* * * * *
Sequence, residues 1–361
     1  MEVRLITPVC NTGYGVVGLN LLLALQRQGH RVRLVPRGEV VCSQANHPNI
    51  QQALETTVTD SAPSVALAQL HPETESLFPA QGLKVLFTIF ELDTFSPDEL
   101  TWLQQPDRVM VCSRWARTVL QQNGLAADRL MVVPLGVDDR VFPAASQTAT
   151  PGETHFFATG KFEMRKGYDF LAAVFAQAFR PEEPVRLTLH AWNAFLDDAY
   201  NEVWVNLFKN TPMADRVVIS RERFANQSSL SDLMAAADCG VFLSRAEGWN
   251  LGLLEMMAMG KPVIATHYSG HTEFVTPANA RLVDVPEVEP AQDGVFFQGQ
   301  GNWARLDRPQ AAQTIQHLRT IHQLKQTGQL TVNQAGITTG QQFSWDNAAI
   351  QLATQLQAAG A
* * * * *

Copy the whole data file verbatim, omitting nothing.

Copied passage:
Sequence, residues 1–361
     1  MEVRLITPVC NTGYGVVGLN LLLALQRQGH RVRLVPRGEV VCSQANHPNI
    51  QQALETTVTD SAPSVALAQL HPETESLFPA QGLKVLFTIF ELDTFSPDEL
   101  TWLQQPDRVM VCSRWARTVL QQNGLAADRL MVVPLGVDDR VFPAASQTAT
   151  PGETHFFATG KFEMRKGYDF LAAVFAQAFR PEEPVRLTLH AWNAFLDDAY
   201  NEVWVNLFKN TPMADRVVIS RERFANQSSL SDLMAAADCG VFLSRAEGWN
   251  LGLLEMMAMG KPVIATHYSG HTEFVTPANA RLVDVPEVEP AQDGVFFQGQ
   301  GNWARLDRPQ AAQTIQHLRT IHQLKQTGQL TVNQAGITTG QQFSWDNAAI
   351  QLATQLQAAG A